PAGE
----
Recurring Gags / Cast / Locations

Like an good TV show, recurring fan favourites will always be a great way to reengage the party after a serious sessions. I personally have developed several PCs who started life as quirky NPCs. The Gnomish Artificer who runs a magic item shop that only sells items you want and never what you need. The innkeeper’s son who wants to be an adventurer but is too young. You’ll never know what works and what doesn’t, so don’t feel too stressed about planning NPCs and their backstories, let them grow organically.

Set up a running gag with the character, a line of dialogue or a silly item. I’ve had the party be stalked by a rock because several party members where too obsessed with keeping watch. An NPC that was with them would keep Sleight of Handing the rock after they broke camp and then place it near the next campfire on the following night. Many sessions later I would occasionally reference the pyramid-like stone whenever someone rolled particularly well or poor on Perception and would get a round of groans and “Not again!”s.

Once a player character had a bad interaction with an NPC and the NPC exclaimed “I don’t think I like you!”. Next Charisma check the player made was poor and a different NPC repeated the line of dialogue. The third time, an NPC exclaimed the line of dialogue before any interaction had even occurred, surprising the party and getting a mixture of chuckles and groans from the Players.

The players could have a favourite tavern/town that can evolve from arc to arc. Let them influence the hiring of staff, maybe let one quest let them set up some new trade route to the town. Showcase these changes as it lets your players feel closer to the world and lets them feel like their decisions matter.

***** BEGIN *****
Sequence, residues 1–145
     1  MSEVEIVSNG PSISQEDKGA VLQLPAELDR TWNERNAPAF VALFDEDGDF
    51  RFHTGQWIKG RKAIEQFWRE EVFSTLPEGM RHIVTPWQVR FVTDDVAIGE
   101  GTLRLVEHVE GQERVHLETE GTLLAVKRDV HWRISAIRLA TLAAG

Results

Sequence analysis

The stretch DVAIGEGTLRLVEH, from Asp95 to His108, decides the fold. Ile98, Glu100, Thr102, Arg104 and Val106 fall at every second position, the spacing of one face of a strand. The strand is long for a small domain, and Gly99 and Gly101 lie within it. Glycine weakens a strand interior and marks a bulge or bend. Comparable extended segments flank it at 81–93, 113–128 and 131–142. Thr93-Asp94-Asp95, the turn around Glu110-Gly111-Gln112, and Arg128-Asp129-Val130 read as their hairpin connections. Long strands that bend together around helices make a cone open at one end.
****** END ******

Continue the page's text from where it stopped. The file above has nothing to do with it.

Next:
Positive Reinforcement

Last but not least: When your players act in a way you like, reward them. It is better to reward the players too much and hand out too many magical items, than to leave your players unsatisfied. If the players are behaving IC in a way that upsets other players at the table or worse, upsets you as a DM, either you can interrupt the session and have a serious conversation…. OOOORRRR you could try to curb that behaviour IG. The best way to do so (IMO) is not antagonistic to the character who misbehaved, but by having the other characters be elevated due to the actions of the misbehaving character. Its hard for me to list examples/solutions as what is inappropriate at one table might be the norm at the next.

Feel free to discuss below as well as add your thoughts! The above will be edited with feedback and I hope can exist as a living guide! May the dice guide your fate!

Thanks to @BufoBufo @Elenaaa @svn for being at the relevant DM workshop and helping me stay motivated and focused to actually write this up!


Reading your Players

  • ask them
  • tell them what you want
  • make a session 0
  • also be a human being or a decent lizard person^^

Interacting with your Players

  • try to give every player equal spotlight; encourage the quieter players
  • plots about (challenging) personal values are great
  • (quote: @H treasure can also be it’s own reward)

Recurring Gags / Cast / Locations

  • give your campaign a ‘theme’ is helpful
  • use recurring casts & locations is great
  • if something/someone worked really well, use that/them more often

Positive Reinforcement

  • give feedback is very important
  • tell your players how their characters have influenced the setting
  • you can also use the rpg system to reward them (e.g. give out Inspiration in a D&D 5E game)

Focus on having fun!